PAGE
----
The bitter relationship between Asif Ali Zardari and his predecessor Pervez Musharraf hit its nadir when the former dictator called the Pakistan President a 'criminal, fraud and third rater' during a recent interview.
In an interview with journalist Seymour Hersh, Musharraf said that Zardari would go to any extent to save himself.
Hersh, in a detailed report on Pakistan, wrote, "Musharraf did not spare his successor. 'Asif Zardari is a criminal and a fraud. He'll do anything to save himself. He's not a patriot and he's got no love for Pakistan. He's a third-rater'."
Musharraf also revealed that he and General Kayani, who had been his nominee for the powerful post of chief of army staff, were still in telephonic contact.
He added that the Pakistan army was not capable of carrying out a mutiny. "There are people with fundamentalist ideas in the army, but I don't think there is any possibility of these people getting organised and doing an uprising. These 'fundos' were disliked and not popular," said Musharraf, who had engineered a coup to oust President Nawaz Sharif in 1999.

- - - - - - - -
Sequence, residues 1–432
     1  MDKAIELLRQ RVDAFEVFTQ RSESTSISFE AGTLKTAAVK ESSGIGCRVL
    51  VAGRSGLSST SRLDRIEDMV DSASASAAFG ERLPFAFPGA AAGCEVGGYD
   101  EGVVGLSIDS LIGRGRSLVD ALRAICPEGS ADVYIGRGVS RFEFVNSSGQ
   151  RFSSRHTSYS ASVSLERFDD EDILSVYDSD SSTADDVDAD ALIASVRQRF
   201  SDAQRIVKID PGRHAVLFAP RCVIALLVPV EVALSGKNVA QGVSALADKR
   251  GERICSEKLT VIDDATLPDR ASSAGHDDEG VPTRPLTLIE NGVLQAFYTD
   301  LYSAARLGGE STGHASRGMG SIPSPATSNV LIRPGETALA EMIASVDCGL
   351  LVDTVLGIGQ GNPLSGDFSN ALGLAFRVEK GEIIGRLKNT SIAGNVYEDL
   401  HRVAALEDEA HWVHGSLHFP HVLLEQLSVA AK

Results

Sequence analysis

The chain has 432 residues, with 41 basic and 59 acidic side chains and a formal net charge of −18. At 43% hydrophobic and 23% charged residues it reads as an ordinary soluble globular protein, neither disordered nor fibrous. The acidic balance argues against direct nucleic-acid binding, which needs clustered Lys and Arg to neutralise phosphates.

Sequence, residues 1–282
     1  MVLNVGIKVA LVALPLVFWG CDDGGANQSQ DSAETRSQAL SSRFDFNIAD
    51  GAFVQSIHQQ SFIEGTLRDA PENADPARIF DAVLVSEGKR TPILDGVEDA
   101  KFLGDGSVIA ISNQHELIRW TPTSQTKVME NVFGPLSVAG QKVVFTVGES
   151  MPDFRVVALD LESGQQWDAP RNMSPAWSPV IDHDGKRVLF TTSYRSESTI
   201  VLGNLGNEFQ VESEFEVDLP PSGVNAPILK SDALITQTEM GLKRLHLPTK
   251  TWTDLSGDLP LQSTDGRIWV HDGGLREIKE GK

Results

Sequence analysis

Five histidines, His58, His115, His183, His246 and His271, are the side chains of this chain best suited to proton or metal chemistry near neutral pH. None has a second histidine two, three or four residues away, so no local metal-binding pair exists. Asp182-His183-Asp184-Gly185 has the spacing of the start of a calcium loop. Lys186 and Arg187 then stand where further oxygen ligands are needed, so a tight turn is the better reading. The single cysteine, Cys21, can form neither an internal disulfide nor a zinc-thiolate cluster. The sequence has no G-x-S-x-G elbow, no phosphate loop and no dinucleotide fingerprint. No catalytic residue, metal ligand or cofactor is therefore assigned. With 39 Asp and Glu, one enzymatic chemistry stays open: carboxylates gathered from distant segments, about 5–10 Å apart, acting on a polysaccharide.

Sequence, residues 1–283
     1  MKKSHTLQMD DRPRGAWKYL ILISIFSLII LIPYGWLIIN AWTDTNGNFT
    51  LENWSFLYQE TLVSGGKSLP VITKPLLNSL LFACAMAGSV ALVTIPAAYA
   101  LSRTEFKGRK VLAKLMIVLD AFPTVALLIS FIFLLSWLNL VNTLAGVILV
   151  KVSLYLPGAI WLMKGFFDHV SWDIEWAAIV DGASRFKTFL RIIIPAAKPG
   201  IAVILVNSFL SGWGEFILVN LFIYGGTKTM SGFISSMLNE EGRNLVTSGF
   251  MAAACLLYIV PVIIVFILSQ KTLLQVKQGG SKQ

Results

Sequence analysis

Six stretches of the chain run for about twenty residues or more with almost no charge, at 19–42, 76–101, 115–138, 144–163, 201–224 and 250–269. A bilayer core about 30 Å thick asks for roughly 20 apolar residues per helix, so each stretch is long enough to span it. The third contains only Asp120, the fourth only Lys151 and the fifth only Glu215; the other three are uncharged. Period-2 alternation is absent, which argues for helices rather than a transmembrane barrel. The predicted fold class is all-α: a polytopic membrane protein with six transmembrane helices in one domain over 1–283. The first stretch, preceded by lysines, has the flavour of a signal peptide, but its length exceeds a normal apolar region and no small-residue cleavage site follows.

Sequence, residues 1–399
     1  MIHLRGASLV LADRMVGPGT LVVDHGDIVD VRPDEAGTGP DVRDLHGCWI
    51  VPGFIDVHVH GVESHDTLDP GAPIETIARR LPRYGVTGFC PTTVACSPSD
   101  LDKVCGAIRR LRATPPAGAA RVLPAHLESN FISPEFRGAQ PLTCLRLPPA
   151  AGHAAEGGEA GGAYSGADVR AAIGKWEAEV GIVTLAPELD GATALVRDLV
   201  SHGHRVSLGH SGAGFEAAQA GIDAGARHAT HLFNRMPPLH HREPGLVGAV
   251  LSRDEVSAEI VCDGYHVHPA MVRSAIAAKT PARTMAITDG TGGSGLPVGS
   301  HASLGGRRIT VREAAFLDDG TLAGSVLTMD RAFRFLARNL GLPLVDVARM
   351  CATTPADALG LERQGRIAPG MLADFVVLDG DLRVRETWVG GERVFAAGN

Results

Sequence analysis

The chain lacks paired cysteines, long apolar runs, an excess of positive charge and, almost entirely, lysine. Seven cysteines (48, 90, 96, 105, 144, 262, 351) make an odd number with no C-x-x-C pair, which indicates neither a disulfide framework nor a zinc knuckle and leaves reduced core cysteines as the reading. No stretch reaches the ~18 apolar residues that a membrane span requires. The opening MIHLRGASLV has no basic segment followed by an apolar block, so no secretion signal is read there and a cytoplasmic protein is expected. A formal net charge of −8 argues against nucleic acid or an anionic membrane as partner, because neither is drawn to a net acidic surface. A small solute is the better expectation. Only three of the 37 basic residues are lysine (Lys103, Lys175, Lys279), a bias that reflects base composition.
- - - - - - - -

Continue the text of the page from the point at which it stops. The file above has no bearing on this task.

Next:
Speaking about United States President Barack Obama, he said, "The Muslims think highly of Obama, and he should use his acceptability -- even with the Taliban -- and try to deal with them politically".
Musharraf spoke of two prior attempts to create a fundamentalist uprising in the army. In both cases, he said, the officers involved were arrested and prosecuted.
"I created the strategic force that controls all the strategic assets -- eighteen to twenty thousand strong. They are monitored for character and for potential fundamentalism," he said.
However, Musharraf acknowledged that the situation in Pakistan had changed drastically since he'd left office. "People have become alarmed because of the Taliban and what they have done. Everyone is now alarmed."
Hersh said Pervez Musharraf lives in unpretentious exile with his wife in an apartment in London, near Hyde Park.